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In: Die Schutzverantwortung (R2P)
In: Asia-Pacific Journal on Human Rights and the Law
Many publications dealing with human rights contain a wealth of materials from the United Nations, Europe, and even the Inter-American and African regional human rights systems, but none cover the geographical region which encompasses Asian and Pacific states.
The collection of documents contained in this volume is an attempt to rectify this situation. A unique reference tool to those with an interest in human rights in Asia and the Pacific, be they students of law, Asian studies or international relations, or lawyers or researchers using human rights materials, this volume contains various inter-governmental and non-governmental documents, as well as a section on numerous human rights organisations and resources.
Despite the Asia-Pacific area now being the world's only region without a human rights instrument, the volume of constitutional provisions, treaty provisions, governmental and non-governmental declarations on human rights as well as other types of relevant documents is very substantial, putting to lie the argument that human rights are of little concern or secondary to other considerations. This huge amount of material has made it necessary to edit certain documents to their most essential elements. Other documents are included in their entirety where they are deemed to be of particular significance.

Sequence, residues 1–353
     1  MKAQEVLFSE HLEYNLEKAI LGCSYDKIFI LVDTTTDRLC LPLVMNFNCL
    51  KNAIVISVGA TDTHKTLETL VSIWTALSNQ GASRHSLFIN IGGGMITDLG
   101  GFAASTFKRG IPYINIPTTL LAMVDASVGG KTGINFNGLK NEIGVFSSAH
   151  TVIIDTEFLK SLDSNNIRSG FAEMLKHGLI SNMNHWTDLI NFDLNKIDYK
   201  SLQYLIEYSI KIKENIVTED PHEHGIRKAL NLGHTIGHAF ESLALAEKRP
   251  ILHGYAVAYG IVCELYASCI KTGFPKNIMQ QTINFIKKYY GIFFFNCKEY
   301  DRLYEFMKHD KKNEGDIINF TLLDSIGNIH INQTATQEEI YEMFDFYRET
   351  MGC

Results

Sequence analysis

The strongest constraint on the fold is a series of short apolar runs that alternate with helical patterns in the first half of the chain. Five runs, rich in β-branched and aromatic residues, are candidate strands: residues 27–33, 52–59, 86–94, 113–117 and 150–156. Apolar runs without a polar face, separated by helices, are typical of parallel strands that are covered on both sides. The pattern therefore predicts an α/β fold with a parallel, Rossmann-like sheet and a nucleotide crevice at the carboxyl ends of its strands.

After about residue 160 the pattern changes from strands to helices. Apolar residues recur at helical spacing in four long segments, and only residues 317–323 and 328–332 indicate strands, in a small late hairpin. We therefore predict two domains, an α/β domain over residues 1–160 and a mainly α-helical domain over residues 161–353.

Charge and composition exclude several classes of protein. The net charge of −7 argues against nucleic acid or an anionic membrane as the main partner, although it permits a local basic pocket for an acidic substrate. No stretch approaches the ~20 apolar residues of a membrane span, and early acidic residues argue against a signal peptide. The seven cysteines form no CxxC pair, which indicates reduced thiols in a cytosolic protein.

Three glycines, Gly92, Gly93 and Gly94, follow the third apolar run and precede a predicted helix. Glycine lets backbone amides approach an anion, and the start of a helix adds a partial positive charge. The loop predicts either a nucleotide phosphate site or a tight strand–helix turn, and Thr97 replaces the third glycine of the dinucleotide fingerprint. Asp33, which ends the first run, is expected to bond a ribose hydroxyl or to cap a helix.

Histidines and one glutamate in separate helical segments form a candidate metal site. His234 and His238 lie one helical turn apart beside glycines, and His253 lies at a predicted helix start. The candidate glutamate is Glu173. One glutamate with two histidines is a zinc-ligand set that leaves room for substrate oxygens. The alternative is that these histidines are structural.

Proceedings of the Groningen Group for the Study of Mesopotamian Literature, Volume 2
This collection of articles is the result of the second meeting of the Mesopotamian Literature Group (Groningen), held in Groningen from 12 till 14 July 1993. The topics treated by these scholars from six countries range from theoretical issues to specific analyses, from broad structures to linguistic textures, including metaphorical language as well as phonic features; also, various poetical techniques and strategies are studied. The interest is more in the questions that are raised than in the answers given, and the matter of legitimization of our theoretical bases runs throughout most contributions, this being the aim of the Group.
In: The Responsibility to Protect (R2P)
One of the most vexing issues in many of the world's so-called ethnic or minority conflicts is the question of language use by the State and its citizens. While international and national law has traditionally viewed language preference to be within a State's prerogative - at least when involving governmental activities and machinery - this position has proved to be a continuous source of acrimony and conflict, and wrong in some respects. Language, Minorities, and Human Rights is the most complete book ever written on the topic, providing for the first time an analysis of every aspect of language and the law. In addition to presenting a theoretical model for language's particular position and relevance in human rights, it constitutes an invaluable reference document by including the provisions of close to 100 international, multilateral and bilateral instruments involving language rights, as well as the constitutional provisions of 140 countries dealing with language. By addressing little explored areas such as the language rights of indigenous peoples, non-citizens and even the use of script, in addition to more traditional topics such as nationalism and language, freedom of expression and non-discrimination, Language, Minorities and Human Rights proposes a complete descriptive picture of language and human rights as well as proposing a number of suggestions on how to address and balance the many problems currently caused by the linguistic demands of various individuals and the interests of states in nation building.